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Winnipeg Free Press
Group targets pesticide usage
Fri, Nov 24, 2000
By Bradley Bird

MINTO -- A group dedicated to developing pesticide-free methods of farm production has sprouted in Manitoba.

Pesticide Free Production Canada, which came into being last spring, is composed of Manitoba farmers working closely with University of Manitoba researchers and others. This summer they produced 2,500 bushels of pesticide-free grains.

"It's a Manitoba idea, but we don't want to keep this strictly within the province,'' said Scott Day, Boissevain's agricultural representative.

Day was one of about 80 farmers and researchers at a workshop here this week that looked at various aspects of pesticide-free production, or PFP as it's called.

"People don't like pesticides,'' said Martin Entz, a professor of plant science at the University of Manitoba and one of the project founders. "Every water body in Western Canada has some level of pesticides in it'' and the chemicals are linked to cancer, he said.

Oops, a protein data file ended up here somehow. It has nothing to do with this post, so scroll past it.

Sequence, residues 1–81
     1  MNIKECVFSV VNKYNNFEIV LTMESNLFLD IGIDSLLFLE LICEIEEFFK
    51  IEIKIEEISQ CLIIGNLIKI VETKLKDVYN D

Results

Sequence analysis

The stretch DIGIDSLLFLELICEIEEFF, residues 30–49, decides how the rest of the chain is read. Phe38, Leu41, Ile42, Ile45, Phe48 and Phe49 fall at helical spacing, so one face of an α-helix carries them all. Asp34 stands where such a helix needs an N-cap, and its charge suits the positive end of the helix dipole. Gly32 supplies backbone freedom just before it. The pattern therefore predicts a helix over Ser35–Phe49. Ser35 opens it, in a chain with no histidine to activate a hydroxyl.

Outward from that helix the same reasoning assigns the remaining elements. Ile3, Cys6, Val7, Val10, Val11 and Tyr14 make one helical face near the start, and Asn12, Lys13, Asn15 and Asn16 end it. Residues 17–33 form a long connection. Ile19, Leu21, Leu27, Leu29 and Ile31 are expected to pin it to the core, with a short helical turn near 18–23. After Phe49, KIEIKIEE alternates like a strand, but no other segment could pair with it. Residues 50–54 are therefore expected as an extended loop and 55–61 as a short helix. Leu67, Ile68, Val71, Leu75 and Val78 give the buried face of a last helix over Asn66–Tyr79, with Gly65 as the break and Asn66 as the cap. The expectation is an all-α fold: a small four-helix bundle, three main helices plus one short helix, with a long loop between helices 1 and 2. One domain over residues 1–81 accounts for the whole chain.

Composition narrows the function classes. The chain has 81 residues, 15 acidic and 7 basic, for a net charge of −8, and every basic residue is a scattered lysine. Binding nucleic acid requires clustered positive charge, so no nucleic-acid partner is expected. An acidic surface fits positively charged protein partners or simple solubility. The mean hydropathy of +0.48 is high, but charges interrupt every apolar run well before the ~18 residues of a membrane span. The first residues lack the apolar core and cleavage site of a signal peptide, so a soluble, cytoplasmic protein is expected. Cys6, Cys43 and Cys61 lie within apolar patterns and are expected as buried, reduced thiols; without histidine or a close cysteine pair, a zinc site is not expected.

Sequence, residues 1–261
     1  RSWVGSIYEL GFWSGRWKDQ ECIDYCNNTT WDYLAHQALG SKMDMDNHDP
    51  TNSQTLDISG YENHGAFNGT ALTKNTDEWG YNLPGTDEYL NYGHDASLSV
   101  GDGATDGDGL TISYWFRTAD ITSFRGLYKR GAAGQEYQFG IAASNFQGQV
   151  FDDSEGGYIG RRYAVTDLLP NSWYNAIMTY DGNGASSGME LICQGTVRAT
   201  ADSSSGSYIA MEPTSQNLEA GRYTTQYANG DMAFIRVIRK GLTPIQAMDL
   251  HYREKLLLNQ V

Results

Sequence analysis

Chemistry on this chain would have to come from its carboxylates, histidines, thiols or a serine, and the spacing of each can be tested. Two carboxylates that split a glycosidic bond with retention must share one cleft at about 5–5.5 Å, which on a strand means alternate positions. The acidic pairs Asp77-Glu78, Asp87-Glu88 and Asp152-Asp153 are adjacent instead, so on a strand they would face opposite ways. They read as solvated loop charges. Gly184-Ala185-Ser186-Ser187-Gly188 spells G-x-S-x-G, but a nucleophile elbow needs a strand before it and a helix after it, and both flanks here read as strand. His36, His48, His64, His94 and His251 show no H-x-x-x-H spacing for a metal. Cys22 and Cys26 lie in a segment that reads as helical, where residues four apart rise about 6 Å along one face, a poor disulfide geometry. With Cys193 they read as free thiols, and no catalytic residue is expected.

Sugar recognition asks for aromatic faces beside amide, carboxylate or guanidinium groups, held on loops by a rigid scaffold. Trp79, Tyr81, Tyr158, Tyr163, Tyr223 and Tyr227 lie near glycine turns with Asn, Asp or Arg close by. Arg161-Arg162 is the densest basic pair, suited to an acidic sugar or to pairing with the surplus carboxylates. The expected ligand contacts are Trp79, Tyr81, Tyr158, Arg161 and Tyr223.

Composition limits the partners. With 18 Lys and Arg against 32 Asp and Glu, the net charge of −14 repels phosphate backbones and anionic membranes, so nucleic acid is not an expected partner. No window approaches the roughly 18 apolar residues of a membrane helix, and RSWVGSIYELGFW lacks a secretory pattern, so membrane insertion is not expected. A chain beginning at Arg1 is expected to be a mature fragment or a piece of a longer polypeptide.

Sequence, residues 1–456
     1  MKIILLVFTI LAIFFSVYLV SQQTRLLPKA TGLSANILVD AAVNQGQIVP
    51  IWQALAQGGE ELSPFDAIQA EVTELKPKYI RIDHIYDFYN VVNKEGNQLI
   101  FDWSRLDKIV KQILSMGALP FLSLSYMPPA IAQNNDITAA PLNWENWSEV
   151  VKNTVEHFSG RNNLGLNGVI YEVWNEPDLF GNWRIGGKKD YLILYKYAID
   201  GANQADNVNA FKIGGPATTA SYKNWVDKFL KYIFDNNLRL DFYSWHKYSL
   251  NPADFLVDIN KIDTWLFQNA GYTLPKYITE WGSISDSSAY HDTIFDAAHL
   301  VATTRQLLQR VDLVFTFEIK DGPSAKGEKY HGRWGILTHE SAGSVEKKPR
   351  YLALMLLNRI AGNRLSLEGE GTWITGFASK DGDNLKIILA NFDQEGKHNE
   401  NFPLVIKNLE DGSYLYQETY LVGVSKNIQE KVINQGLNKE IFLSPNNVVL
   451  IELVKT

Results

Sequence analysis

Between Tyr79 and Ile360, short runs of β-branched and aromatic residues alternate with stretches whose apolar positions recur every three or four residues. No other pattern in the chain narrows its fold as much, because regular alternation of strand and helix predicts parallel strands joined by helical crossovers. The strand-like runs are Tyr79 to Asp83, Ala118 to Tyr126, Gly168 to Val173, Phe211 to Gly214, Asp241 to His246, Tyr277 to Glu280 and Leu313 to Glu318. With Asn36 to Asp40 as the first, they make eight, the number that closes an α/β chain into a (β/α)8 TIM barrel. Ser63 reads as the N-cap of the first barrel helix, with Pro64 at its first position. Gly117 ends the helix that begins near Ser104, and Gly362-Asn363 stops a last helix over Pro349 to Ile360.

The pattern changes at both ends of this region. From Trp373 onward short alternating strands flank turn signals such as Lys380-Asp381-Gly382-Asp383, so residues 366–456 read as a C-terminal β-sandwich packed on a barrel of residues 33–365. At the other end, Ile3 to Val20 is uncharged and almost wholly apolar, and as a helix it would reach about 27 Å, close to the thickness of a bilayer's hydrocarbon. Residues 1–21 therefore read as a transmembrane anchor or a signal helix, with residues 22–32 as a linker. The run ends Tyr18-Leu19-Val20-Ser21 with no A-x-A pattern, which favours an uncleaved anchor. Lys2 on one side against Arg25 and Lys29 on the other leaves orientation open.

The group was formed partly in response to consumer demand for healthier foods and sustainable agriculture, but another reason was economic.

Goodlands farmer Bill Morningstar was one of 37 across southern Manitoba who tried to grow PFP crops last summer. He said pesticides are of limited value anyway, and by not using them on his 1,750 acres of cultivated land he would slice $22 per acre from his input costs of $93 per acre, and save $ 38,500 a year.

A four-year $400,000 project, funded by the Manitoba Rural Adaptation Council, began this summer and had a 75 per cent success rate among producers who tried to grow PFP crops, said U of M researcher Orla Nazarko.

Under PFP production, herbicides may be applied before the crop emerges to control weeds. Chemicals can also be applied on the land in other years in the crop rotation. For these reasons, PFP crops will likely contain chemical residues, the meeting was told. Even some organic produce is known to contain these residues.

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